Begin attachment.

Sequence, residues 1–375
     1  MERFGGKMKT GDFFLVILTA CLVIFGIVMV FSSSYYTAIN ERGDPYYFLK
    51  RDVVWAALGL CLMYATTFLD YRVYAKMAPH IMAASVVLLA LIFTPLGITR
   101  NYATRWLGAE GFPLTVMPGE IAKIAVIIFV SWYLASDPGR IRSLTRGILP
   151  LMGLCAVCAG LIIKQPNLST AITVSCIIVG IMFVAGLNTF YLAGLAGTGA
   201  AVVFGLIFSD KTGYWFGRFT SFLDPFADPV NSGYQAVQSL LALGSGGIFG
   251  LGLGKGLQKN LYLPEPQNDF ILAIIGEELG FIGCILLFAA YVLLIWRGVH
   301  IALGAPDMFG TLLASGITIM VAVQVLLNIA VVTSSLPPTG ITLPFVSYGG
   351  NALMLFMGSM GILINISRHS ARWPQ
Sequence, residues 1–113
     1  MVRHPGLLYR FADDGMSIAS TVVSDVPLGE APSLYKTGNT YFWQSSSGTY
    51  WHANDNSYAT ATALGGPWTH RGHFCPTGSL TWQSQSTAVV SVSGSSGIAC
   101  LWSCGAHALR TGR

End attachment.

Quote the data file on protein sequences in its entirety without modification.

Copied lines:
Sequence, residues 1–375
     1  MERFGGKMKT GDFFLVILTA CLVIFGIVMV FSSSYYTAIN ERGDPYYFLK
    51  RDVVWAALGL CLMYATTFLD YRVYAKMAPH IMAASVVLLA LIFTPLGITR
   101  NYATRWLGAE GFPLTVMPGE IAKIAVIIFV SWYLASDPGR IRSLTRGILP
   151  LMGLCAVCAG LIIKQPNLST AITVSCIIVG IMFVAGLNTF YLAGLAGTGA
   201  AVVFGLIFSD KTGYWFGRFT SFLDPFADPV NSGYQAVQSL LALGSGGIFG
   251  LGLGKGLQKN LYLPEPQNDF ILAIIGEELG FIGCILLFAA YVLLIWRGVH
   301  IALGAPDMFG TLLASGITIM VAVQVLLNIA VVTSSLPPTG ITLPFVSYGG
   351  NALMLFMGSM GILINISRHS ARWPQ
Sequence, residues 1–113
     1  MVRHPGLLYR FADDGMSIAS TVVSDVPLGE APSLYKTGNT YFWQSSSGTY
    51  WHANDNSYAT ATALGGPWTH RGHFCPTGSL TWQSQSTAVV SVSGSSGIAC
   101  LWSCGAHALR TGR